In her new book, Judith Schwartz takes us to five continents and tell us stories of people restoring devastated landscapes–and overcoming deep conflicts that stem from degraded ecosystems. The results are phenomenal.
“What’s good for the bird is good for the herd”–that’s the basis of a win-win initiative to preserve bird habitat on ranches and grasslands. We speak with Audubon Society VP Marshall Johnson about grassland ecology and their successful conservation collaborations.
Vanessa García Polanco is from a farming family that emigrated to the US when she was a teenager. She explores the challenges that young and beginning farmers, and farmers of color, are dealing with–especially during the global pandemic.
The Eastern Shoshone people traditionally survived with the buffalo, and their way of life suffered when tens of millions of buffalo were killed by the US government. But now they’re returning to the land–and starting to renew a culture.
When the “green revolution” offered the promise of better agriculture through chemical-intensive farming, J.I. Rodale was skeptical. He started an organic farm and then an institute to study how farming could improve the land and human health. Now they’re doing great work from coast to coast.
Hopi farmers must be doing something right: they have survived and grown their own food for hundreds of generations. We talk to Dr. Michael Kotutwa Johnson about their regenerative farming and cultural practices––and the challenges to maintaining them.
Betsy Gaines Quammen has been researching the history of Mormonism and its relationship to Western landscapes for years. We talk about her new book, American Zion: Cliven Bundy, God and Public Lands in the West.
Water expert Brian Richter walks us through the history of these great man-made lakes, and how we can ensure that they will continue to provide water through man-made crises like climate change.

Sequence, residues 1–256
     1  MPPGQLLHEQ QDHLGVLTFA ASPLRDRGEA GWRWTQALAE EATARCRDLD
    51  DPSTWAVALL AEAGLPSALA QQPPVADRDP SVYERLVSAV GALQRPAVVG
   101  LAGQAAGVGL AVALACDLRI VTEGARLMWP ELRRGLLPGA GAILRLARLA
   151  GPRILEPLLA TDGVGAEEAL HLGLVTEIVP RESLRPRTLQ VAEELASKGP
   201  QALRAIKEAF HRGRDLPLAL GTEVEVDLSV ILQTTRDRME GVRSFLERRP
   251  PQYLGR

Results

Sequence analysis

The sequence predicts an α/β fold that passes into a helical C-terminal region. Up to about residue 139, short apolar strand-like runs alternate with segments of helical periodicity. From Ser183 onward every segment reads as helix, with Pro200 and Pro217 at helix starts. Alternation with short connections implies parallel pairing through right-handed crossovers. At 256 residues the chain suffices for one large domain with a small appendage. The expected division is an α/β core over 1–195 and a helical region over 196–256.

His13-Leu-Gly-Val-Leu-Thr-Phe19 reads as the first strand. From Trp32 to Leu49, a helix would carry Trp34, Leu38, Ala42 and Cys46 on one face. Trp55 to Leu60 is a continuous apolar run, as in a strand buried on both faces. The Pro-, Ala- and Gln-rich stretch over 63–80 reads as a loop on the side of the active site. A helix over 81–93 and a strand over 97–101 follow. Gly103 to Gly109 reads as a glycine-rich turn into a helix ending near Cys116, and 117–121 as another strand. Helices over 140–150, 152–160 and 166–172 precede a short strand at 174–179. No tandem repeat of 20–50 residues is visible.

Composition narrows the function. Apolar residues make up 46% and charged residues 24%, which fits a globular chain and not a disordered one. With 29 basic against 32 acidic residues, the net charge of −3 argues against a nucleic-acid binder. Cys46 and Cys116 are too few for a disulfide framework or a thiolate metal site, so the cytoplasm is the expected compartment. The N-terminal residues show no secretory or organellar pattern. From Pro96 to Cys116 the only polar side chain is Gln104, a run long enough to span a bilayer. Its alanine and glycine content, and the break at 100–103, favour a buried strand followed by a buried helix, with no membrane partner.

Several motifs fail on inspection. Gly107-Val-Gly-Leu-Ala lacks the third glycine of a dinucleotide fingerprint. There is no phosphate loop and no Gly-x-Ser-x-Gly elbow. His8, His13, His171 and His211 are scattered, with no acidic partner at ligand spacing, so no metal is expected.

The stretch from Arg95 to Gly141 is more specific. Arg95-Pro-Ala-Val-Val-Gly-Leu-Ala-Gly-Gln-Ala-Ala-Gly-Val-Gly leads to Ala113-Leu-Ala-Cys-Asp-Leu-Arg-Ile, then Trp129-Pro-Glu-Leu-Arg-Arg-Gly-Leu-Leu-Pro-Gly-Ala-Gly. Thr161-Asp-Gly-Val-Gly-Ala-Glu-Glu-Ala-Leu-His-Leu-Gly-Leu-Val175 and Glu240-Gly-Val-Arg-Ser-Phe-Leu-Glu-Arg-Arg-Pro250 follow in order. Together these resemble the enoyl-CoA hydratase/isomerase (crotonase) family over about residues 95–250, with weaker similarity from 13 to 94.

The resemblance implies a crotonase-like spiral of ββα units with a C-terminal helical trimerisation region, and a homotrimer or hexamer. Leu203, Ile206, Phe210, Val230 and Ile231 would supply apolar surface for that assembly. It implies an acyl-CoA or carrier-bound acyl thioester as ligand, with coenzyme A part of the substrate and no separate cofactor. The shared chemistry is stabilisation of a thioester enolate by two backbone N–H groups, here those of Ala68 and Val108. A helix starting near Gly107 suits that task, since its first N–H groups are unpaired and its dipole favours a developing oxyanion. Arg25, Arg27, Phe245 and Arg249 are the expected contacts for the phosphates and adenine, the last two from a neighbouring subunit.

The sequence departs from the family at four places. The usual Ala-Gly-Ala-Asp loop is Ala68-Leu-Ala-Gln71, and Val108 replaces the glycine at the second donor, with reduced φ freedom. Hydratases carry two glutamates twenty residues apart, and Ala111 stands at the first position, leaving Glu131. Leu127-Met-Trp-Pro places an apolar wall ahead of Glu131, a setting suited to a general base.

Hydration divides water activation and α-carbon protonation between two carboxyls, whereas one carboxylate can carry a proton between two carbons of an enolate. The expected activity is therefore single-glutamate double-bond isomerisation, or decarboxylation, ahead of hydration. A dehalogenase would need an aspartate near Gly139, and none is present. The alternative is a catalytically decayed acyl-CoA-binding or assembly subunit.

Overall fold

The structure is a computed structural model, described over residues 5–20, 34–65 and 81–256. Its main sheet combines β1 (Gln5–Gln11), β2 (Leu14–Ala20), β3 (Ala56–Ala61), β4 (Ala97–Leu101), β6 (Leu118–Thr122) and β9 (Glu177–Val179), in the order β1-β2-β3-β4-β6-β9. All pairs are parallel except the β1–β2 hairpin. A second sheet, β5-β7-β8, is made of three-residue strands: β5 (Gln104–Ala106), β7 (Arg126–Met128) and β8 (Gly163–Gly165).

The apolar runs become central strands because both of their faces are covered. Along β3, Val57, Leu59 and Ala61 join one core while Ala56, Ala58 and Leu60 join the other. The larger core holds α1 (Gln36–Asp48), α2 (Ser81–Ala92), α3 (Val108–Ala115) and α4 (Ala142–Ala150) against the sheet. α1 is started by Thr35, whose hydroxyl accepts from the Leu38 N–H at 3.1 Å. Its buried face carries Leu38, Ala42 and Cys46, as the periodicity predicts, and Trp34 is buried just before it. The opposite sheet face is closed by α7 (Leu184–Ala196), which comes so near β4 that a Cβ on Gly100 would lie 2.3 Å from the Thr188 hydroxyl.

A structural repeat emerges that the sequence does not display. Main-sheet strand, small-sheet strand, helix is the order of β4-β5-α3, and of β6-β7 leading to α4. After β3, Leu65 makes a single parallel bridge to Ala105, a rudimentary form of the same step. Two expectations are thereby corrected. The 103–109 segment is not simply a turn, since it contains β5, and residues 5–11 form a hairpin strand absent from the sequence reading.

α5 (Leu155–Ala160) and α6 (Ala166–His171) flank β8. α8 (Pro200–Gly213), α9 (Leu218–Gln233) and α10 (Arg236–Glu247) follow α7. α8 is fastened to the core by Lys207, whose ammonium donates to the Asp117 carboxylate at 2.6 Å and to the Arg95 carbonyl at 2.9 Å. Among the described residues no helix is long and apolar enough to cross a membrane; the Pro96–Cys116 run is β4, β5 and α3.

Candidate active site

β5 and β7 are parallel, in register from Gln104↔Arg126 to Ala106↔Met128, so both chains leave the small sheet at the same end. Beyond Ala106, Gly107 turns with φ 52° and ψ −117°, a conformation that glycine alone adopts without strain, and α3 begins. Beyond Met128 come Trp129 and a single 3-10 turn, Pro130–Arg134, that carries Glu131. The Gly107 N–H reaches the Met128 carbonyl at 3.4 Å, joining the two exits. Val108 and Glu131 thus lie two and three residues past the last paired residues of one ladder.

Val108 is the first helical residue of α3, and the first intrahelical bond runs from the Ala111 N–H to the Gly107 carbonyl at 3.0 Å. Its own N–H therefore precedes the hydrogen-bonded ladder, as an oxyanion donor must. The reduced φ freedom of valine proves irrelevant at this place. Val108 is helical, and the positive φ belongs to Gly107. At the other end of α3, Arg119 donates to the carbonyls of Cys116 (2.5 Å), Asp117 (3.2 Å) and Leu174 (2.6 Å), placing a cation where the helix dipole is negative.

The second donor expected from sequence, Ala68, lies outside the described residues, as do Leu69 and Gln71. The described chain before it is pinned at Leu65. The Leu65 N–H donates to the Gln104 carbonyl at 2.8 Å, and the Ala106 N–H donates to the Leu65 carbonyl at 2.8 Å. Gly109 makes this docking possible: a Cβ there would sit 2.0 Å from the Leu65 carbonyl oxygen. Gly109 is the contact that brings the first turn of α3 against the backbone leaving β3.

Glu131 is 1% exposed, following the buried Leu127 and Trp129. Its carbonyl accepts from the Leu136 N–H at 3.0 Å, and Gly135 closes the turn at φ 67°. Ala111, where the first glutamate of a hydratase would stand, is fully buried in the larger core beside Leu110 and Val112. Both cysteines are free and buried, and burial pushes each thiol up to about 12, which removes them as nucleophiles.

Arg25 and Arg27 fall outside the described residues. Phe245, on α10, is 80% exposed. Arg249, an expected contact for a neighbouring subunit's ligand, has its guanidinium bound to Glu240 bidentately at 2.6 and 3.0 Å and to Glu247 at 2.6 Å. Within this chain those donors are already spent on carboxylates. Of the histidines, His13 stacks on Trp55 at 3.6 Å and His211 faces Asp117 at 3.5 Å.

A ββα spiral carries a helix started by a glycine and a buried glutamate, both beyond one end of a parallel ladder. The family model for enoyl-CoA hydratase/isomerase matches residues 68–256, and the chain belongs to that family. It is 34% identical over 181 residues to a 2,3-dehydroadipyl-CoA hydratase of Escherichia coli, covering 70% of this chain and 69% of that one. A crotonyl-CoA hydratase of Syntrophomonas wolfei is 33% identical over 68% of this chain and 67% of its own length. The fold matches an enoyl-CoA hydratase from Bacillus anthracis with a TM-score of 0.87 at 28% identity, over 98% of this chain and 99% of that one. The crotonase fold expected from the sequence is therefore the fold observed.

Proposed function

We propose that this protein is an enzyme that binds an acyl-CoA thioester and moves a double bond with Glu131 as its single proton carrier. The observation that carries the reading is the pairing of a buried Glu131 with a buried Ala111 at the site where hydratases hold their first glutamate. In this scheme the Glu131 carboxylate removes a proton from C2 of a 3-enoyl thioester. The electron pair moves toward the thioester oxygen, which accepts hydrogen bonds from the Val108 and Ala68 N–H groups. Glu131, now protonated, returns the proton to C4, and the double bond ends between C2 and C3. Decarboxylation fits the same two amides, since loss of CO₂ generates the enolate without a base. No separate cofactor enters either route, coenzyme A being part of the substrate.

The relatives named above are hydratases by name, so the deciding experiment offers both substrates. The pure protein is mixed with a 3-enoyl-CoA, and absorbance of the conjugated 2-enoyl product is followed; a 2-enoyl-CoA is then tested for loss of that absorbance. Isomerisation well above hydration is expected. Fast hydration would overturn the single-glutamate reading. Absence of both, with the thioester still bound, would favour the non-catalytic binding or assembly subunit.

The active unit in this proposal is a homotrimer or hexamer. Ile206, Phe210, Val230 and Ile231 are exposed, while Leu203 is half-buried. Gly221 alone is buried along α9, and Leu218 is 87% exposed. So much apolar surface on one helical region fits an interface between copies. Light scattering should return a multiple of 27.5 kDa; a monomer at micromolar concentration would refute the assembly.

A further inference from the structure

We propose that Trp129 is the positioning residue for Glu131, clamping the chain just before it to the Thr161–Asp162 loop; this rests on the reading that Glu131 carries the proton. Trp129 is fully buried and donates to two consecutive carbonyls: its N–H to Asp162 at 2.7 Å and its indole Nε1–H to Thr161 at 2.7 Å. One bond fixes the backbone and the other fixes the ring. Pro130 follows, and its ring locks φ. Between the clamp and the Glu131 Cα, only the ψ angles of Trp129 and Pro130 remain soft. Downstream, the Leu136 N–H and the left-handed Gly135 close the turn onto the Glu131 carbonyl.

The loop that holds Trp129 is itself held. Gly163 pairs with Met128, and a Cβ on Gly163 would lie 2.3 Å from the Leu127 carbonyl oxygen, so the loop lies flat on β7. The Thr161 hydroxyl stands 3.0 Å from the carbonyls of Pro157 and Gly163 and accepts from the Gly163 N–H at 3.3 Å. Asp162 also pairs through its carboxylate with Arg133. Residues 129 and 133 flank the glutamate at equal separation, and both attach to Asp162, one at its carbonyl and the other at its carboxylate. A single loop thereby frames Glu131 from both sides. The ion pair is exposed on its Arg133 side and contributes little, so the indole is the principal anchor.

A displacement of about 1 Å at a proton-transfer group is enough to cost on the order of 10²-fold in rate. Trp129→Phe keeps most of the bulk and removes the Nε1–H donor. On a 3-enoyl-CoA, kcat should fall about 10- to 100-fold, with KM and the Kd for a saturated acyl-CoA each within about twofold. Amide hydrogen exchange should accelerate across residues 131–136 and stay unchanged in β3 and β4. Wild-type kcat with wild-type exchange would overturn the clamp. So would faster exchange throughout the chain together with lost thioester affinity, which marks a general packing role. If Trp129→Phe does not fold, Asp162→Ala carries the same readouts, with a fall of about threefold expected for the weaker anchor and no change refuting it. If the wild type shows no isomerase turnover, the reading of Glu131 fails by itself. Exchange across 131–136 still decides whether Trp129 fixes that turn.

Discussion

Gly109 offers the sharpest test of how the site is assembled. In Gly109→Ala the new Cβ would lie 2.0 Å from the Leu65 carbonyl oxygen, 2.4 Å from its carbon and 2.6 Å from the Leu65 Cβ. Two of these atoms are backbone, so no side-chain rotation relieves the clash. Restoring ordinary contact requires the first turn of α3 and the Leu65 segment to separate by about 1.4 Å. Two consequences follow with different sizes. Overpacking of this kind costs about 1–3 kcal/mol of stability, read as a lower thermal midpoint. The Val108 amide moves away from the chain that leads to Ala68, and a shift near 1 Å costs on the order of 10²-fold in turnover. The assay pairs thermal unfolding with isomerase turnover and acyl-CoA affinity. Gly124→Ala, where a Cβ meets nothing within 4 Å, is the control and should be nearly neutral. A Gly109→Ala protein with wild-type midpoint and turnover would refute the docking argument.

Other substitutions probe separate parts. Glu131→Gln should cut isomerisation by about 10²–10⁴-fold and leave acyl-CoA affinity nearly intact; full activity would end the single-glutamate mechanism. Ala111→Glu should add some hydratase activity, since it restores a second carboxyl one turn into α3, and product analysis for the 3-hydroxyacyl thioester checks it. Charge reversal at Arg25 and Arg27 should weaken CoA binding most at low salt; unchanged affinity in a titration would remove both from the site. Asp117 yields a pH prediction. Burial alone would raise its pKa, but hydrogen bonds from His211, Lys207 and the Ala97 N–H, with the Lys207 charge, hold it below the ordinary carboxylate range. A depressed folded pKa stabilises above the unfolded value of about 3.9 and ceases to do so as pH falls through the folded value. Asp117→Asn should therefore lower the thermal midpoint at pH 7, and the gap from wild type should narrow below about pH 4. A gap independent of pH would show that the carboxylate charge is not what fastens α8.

There’s plenty of food, but with Covid-19 it’s not getting where it needs to go, and everyone–especially farmers–is paying the price. Rachel Armstrong of Farm Commons walks us through the problems–and some solutions–to the many dilemmas facing the food system.
Grazing on public lands is controversial–for good reason. But when it’s done right, adaptive grazing can greatly improve land health–from overgrazed land, to former oil fields, to bombing ranges. Gregory Horner tells the stories.
Grant and Dawn Breitkreutz didn’t know they were cultivating soil health when they started doing Holistic Management of their livestock. But as they learned to work with nature rather than fighting it their soil–and their farm–began to thrive in ways they’d never dreamed of.
Farmer and writer Stanley Crawford got involved in a legal action that challenged a huge firm that wasn’t paying duties, and was “dumping” garlic onto the US market. What was supposed to take one year turned into a multi-year drama that is still ongoing.
Ronnie Cummins analyzes what’s not working about our food system and lays out a blueprint for change — while reminding us that regenerative agriculture is ultimately a necessity.